The Purple Toothwort plays an important role in the ecosystem as it is a food source for several species of insects, including bees and butterflies. The flowers of the Purple Toothwort provide nectar for these insects, which in turn pollinate the plant. The Purple Toothwort is also an important plant for the survival of certain species of fungi that live in a symbiotic relationship with the plant. These fungi help the Purple Toothwort to absorb nutrients from its host plant, and in return, the plant provides the fungi with food.

Cultural Significance of Purple Toothwort

In some cultures, the Purple Toothwort has been used for medicinal purposes. The plant was traditionally used to treat toothaches, which is where it gets its common name. In some areas, the plant was also used to treat skin conditions and as a laxative. However, it is important to note that the Purple Toothwort contains toxic compounds and should not be consumed or used as a medicine without proper knowledge and guidance.

Cultivation of Purple Toothwort

The Purple Toothwort is not a commonly cultivated plant due to its parasitic way of life. However, it can be grown in the garden if the right conditions are provided. The plant needs a shaded and damp area and a host plant to grow on. If you are interested in growing the Purple Toothwort, it is important to research the appropriate methods and to ensure that the plant is not being collected from the wild.

In conclusion, the Purple Toothwort is a unique and fascinating plant that is worth learning about. With its delicate appearance, parasitic way of life, and ecological importance, it is a valuable addition to any wildflower collection. By understanding and appreciating this special plant, we can help to protect it for future generations.

The Mysterious Reproduction of Purple Toothwort

Another mystery surrounding the Purple Toothwort is its method of reproduction. Unlike most plants, the Purple Toothwort does not produce seeds. Instead, it reproduces through underground rhizomes, which are horizontal underground stems that produce new plants. This method of reproduction allows the Purple Toothwort to spread and colonize new areas, but it also makes it difficult to propagate and grow the plant in cultivation.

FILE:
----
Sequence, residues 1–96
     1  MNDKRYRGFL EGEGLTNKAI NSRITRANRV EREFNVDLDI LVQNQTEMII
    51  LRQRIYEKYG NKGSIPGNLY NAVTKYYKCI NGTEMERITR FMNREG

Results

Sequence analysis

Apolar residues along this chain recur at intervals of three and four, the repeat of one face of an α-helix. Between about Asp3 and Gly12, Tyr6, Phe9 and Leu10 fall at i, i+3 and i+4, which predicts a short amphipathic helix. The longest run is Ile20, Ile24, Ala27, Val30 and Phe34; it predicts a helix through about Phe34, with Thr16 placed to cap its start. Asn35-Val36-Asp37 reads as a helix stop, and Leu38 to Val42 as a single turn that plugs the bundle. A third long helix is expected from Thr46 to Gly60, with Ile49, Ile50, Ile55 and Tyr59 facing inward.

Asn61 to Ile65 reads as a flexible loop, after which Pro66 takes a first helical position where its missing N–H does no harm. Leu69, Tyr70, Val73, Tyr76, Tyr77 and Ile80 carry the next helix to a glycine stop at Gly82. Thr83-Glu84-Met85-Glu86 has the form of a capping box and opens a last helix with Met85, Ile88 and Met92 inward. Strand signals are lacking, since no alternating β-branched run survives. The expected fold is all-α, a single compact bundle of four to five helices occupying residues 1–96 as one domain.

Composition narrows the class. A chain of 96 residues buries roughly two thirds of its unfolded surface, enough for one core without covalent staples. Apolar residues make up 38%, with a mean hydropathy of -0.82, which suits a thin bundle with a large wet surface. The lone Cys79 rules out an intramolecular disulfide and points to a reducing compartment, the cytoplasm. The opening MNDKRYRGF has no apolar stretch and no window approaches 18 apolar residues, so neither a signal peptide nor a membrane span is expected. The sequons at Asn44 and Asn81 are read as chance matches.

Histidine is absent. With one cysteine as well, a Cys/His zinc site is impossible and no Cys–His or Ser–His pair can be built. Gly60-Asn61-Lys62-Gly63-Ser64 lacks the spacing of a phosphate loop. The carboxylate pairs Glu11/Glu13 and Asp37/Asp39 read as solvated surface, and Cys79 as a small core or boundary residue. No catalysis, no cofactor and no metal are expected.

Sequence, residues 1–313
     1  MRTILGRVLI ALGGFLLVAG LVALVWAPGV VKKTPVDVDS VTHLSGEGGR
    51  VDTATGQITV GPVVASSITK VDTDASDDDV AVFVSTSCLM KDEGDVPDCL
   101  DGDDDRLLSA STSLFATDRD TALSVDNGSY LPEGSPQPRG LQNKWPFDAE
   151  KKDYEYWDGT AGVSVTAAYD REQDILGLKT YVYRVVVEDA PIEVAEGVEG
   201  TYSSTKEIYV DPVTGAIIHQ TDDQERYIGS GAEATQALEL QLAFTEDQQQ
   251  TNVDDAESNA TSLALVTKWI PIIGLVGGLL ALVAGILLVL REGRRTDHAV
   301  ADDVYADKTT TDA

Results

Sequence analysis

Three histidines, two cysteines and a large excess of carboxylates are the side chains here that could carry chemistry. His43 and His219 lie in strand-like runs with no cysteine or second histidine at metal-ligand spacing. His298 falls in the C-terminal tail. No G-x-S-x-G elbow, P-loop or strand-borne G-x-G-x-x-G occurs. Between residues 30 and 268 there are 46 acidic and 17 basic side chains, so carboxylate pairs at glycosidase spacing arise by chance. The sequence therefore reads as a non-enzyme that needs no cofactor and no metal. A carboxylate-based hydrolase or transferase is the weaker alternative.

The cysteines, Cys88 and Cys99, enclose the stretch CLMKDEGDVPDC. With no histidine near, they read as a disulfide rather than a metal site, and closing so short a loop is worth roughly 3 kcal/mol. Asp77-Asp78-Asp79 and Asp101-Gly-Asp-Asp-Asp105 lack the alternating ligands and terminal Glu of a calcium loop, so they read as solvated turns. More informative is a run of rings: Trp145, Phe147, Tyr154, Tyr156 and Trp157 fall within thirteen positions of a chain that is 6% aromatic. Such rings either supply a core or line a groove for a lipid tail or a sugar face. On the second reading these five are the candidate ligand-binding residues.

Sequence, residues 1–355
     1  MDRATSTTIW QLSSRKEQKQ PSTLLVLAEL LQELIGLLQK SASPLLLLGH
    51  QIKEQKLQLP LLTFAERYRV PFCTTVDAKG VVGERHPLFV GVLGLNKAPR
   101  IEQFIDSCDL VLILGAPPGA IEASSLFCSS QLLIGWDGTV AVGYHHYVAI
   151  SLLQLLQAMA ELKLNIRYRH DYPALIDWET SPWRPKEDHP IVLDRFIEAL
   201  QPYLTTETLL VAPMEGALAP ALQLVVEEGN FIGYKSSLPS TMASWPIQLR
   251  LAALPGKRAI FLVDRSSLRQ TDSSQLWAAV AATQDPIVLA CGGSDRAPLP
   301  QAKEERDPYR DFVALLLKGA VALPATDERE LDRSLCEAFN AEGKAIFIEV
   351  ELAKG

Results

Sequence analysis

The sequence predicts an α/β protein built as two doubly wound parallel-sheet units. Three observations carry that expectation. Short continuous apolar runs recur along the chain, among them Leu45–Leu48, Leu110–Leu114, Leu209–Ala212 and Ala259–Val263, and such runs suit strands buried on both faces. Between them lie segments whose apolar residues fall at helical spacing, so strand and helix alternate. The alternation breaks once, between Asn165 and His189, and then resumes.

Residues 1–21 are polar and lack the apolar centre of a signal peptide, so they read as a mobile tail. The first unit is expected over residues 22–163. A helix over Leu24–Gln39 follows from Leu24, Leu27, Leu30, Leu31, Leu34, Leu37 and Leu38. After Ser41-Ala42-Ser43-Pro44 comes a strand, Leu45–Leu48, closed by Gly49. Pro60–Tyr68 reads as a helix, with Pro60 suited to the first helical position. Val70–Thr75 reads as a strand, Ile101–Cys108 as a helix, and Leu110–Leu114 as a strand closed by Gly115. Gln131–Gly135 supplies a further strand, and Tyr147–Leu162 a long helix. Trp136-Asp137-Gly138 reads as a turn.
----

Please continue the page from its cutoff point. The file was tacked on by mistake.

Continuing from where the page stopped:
The Importance of Protecting Purple Toothwort

As mentioned earlier, the Purple Toothwort is considered a species of conservation concern due to the loss of its habitat. Protecting this plant and its habitat is important for several reasons. Firstly, the Purple Toothwort provides food and habitat for several species of insects, fungi, and other organisms, making it an important part of the ecosystem. Secondly, the Purple Toothwort is a unique and valuable plant that has been used for medicinal purposes and has cultural significance in some communities. Lastly, preserving the Purple Toothwort helps to ensure that future generations can enjoy and learn about this mysterious wildflower.

How You Can Help

There are several ways that you can help to protect the Purple Toothwort and its habitat. Firstly, you can support organizations that work to conserve wildflowers and their habitats. Secondly, you can help to reduce the impact of deforestation and the conversion of forests into agricultural land by choosing products that are sustainably sourced and supporting conservation efforts. Lastly, if you are interested in growing the Purple Toothwort, you can purchase plants that have been grown in cultivation and not collected from the wild.

In conclusion, the Purple Toothwort is a fascinating and unique wildflower that is worth protecting. By understanding and appreciating its value, we can help to ensure that this plant remains a part of our natural heritage for future generations.

Distribution Map

Reproduced by kind permission of the BSBI.